US officials believe Russian arms control, nuclear security cooperation will continue
Douglas P. Guarino, National Journal – April 2, 2014
Lawmakers at a Senate Armed Services subcommittee meeting expressed worry over the Russian incursion in Crimea and asked administration officials how the crisis might affect US-Russia cooperation on arms control and nuclear security, one of the areas where the US and Russia have a long track record of cooperation. Indeed, the officials being questioned stressed the history of US-Russia cooperation that has taken place even amid great tensions. The hearing also touched on the subject of Ukraine’s nuclear weapons and whether it should have given them up in the first place. Administration officials argued that Ukraine was right to give up its nuclear weapons and that the best way forward for countries like Ukraine will continue to be non-proliferation and disarmament. Republican lawmakers criticized that argument and suggested that nuclear weapons would have kept Ukraine safe.
Details of MOX facility delays, cost overruns emerge
Ryan Alexander, US News and World Report – April 2, 2014
Though it has been known for some time that the Department of Energy plans to put the Mixed Oxide (MOX) Fuel Fabrication Facility on indefinite cold standby, details of difficulties with the facility were not forthcoming. This article addresses some of the reasons why the facility is being put on standby. Besides issues with construction of the facility, it turns out that one basic problem is that there is no demand for MOX fuel–a type of fuel that would require upgrades to existing nuclear reactors. The MOX fuel fabrication only makes economic sense if there is a buyer for the fuel at the end of the process, though converting weapons-grade plutonium to nuclear fuel does reduce the amount of dangerous materials available to potential terrorists.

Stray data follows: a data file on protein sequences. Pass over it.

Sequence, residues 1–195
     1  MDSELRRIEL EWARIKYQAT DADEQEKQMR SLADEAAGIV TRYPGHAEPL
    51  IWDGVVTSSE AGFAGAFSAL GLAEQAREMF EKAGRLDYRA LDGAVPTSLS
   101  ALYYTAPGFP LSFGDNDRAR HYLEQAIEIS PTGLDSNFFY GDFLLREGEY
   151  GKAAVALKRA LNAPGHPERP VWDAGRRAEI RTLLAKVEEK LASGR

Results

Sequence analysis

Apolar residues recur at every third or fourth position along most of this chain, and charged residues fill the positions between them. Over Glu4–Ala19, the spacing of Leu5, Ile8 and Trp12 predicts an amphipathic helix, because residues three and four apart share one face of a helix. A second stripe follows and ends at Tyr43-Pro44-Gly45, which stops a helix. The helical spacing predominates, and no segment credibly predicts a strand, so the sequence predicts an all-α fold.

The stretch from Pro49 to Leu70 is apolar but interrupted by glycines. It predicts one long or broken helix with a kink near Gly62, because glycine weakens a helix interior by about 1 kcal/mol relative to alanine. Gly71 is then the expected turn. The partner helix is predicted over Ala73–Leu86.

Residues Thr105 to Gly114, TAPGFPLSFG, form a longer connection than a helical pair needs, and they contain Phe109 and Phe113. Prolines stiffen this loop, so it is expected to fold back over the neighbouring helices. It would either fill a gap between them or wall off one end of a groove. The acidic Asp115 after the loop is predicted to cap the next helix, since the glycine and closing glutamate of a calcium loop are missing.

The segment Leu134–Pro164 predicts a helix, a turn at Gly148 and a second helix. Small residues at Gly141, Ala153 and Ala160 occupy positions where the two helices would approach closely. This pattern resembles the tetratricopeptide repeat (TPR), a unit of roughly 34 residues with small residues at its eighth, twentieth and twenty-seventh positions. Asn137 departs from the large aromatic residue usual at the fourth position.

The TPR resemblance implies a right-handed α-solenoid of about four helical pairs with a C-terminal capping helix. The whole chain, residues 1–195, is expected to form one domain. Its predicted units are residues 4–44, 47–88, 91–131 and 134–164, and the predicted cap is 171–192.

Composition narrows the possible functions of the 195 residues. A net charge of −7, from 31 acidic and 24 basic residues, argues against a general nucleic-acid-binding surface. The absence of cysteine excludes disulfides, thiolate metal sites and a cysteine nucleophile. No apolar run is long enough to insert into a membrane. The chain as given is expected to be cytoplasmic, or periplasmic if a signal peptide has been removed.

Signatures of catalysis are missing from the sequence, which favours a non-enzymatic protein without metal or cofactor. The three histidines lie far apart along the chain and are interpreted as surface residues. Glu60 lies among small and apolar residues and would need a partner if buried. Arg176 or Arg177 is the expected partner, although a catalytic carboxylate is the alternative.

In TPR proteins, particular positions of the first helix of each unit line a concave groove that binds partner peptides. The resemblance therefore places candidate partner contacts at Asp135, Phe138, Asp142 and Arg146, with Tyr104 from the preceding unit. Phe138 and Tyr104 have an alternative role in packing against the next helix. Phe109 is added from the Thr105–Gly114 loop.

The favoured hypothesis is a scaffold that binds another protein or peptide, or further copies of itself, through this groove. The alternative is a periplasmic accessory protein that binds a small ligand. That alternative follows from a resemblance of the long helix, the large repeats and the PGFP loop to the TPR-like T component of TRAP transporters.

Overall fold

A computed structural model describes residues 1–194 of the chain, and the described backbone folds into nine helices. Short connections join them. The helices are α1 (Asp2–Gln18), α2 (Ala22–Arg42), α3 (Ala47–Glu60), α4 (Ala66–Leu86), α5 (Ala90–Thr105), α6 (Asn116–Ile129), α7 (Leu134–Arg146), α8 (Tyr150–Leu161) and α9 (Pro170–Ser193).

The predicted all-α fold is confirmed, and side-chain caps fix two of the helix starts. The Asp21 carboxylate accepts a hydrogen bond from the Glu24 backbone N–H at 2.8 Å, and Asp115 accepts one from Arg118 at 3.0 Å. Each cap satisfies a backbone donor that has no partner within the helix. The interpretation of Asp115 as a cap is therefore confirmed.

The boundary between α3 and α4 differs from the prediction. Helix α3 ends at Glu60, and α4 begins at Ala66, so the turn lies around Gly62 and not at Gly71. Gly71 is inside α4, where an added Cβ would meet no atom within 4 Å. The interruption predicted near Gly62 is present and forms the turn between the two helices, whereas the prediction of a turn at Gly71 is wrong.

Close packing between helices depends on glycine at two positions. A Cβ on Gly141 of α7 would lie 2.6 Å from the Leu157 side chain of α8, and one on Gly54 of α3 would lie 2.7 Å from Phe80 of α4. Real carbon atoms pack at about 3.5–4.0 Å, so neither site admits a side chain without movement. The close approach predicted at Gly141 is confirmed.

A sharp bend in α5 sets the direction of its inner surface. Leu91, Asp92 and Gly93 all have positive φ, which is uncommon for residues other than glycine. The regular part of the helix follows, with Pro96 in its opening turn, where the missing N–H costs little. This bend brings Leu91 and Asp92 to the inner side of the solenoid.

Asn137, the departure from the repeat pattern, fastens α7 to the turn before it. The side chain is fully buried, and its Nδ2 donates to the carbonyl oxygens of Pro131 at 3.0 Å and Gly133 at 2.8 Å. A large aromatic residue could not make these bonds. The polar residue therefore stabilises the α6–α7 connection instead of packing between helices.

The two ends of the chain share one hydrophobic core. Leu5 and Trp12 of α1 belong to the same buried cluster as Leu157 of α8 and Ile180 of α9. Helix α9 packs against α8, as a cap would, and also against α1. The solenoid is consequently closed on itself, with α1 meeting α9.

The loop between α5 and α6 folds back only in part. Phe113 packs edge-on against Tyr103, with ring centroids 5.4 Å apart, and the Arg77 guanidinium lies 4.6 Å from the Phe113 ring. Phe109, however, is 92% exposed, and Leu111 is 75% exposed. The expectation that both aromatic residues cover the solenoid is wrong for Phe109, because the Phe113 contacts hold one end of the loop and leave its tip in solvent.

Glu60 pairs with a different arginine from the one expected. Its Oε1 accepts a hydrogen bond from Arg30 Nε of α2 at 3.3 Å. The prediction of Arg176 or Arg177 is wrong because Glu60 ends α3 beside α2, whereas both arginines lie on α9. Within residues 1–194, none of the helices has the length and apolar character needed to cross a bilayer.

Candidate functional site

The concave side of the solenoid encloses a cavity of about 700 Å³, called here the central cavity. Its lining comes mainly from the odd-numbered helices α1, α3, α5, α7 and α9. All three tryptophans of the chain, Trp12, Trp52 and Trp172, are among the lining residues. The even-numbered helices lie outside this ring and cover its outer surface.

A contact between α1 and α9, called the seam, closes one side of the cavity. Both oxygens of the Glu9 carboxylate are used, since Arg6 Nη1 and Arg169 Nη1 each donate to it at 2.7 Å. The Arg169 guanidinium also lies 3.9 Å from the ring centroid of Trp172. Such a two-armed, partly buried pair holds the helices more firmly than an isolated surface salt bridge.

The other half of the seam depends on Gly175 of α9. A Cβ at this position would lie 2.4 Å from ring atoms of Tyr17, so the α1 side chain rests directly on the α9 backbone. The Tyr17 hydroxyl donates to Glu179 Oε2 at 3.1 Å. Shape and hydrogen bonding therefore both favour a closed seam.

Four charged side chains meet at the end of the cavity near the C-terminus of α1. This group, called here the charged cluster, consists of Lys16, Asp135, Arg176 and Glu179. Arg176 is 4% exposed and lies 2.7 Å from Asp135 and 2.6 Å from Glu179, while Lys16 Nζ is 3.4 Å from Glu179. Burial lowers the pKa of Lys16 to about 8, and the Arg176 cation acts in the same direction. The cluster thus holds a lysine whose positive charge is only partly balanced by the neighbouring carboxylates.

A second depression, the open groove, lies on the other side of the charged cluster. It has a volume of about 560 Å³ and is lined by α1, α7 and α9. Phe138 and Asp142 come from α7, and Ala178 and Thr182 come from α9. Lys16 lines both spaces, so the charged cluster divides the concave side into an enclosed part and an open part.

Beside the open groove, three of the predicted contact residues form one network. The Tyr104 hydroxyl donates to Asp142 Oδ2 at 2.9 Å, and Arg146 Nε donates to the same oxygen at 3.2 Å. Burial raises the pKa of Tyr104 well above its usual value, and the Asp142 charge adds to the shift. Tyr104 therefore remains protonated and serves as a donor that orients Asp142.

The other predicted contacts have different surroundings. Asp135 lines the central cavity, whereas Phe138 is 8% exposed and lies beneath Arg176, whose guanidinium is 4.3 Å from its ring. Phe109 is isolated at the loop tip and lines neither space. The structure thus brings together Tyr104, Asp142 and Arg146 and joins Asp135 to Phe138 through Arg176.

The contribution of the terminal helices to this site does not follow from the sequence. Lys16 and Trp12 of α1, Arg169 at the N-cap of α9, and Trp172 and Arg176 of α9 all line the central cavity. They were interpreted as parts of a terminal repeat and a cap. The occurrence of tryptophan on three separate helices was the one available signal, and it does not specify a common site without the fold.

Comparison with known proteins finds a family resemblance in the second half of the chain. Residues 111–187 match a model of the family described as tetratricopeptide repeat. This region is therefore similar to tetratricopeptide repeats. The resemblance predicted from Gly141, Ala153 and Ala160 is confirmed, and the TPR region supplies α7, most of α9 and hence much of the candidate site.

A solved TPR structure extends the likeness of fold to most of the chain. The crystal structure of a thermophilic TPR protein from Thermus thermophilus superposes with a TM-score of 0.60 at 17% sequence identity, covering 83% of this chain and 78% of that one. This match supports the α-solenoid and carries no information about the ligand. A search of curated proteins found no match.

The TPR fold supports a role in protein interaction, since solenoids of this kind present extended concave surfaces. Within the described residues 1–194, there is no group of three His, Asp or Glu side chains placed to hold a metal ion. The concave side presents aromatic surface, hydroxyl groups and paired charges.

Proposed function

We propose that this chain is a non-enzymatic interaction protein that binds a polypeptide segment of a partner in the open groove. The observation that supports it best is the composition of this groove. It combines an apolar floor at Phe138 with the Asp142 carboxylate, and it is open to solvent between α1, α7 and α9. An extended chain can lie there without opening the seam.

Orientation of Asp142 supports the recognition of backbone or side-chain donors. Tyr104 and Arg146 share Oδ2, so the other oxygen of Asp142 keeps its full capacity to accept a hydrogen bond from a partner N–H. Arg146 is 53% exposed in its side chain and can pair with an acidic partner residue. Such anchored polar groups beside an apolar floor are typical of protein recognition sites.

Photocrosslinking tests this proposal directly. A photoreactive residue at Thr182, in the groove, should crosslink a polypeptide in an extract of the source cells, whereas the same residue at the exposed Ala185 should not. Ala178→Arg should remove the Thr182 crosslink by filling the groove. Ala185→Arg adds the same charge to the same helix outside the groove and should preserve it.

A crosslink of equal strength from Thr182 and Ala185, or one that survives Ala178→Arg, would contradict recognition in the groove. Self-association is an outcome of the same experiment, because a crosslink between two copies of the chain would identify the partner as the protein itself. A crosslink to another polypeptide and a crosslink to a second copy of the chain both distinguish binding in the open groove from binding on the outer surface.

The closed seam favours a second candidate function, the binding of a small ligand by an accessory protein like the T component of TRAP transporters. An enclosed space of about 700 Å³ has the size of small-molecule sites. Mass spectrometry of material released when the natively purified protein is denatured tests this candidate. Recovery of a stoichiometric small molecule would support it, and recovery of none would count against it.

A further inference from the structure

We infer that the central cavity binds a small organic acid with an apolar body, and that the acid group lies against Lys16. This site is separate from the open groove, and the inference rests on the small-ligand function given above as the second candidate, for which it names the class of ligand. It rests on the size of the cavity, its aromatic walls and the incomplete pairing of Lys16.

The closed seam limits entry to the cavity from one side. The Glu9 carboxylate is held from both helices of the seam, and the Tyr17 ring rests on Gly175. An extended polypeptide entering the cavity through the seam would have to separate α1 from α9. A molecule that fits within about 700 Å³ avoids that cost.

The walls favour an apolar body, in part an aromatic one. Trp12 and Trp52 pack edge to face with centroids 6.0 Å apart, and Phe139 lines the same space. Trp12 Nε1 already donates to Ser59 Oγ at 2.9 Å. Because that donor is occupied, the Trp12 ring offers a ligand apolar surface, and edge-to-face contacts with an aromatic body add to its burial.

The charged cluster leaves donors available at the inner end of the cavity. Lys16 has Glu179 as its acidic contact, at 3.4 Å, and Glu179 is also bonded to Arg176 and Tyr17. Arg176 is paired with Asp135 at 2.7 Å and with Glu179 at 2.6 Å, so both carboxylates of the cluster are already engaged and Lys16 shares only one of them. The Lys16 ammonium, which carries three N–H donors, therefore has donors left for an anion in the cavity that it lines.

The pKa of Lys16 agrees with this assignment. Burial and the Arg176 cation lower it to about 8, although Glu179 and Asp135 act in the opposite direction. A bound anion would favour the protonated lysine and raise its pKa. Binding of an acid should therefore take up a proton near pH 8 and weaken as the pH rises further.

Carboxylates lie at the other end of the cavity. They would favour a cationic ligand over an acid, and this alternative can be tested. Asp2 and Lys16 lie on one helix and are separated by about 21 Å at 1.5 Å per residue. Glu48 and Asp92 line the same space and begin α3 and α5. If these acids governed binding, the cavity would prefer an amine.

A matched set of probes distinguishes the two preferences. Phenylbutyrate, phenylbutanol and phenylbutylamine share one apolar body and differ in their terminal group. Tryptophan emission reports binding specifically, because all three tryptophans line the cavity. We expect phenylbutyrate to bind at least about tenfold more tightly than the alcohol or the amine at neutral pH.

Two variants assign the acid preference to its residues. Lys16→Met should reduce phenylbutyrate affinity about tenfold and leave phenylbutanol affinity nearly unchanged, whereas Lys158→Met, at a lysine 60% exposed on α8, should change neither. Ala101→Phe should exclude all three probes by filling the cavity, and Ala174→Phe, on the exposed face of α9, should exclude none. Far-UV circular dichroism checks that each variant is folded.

Lawmakers in nuclear weapons states seek to protect nukes
Jenn Rowell, Great Falls Tribune – April 2, 2014
Three Congressmen from states that host nuclear weapons, Rep. Steve Daines (R-MT), Rep. Cynthia Lummis (R-WY), and Rep. Kevin Cramer (R-ND), sent a letter to the House Appropriations subcommittee on defense asking that no funds appropriated in fiscal year 2015 “be used to reduce, convert, decommission, or otherwise move to nondeployed status, or prepare to reduce, convert, decommission, or otherwise move to nondeployed status, any Minuteman III ballistic missile silo that contains a deployed missile as of Jan. 1, 2014.” They also sought to block the Air Force’s planned environmental assessment of ICBMs, a process the Pentagon put on hold two weeks ago. If the language is added to the bill, it will still have to be attached in the Senate as well.
Iran, Russia working on oil-for-goods deal
Jonathan Saul and Parisa Hafezi, Reuters – April 2, 2014
Coming amid those reassurances, the potential Russia-Iran deal comes as a troubling sign of Russia’s ability to undermine negotiations with Iran. The deal, reported to be worth about $20 billion, would allow Iran to send its oil to Russia in exchange for unspecified goods and euqipment–possibly to include Russian assistance in constructing nuclear plants. US officials have stated their concern with the deal which would allow Iran to avoid sanctions on its oil exports.
Waste continues in Afghanistan even as US role wanes
Jamie Tarabay, Al Jazeera – April 2, 2014
This new report by Al Jazeera details the billions upon billions of dollars in fraud and waste that the United States has committed to Afghanistan. Much of this report relies on findings produced by the special inspector general for Afghanistan reconstruction (SIGAR), but the scope of the waste–which appears unlikely to end even after US troops have officially withdrawn–should inform President Obama’s decision on keeping US forces in the country beyond 2014.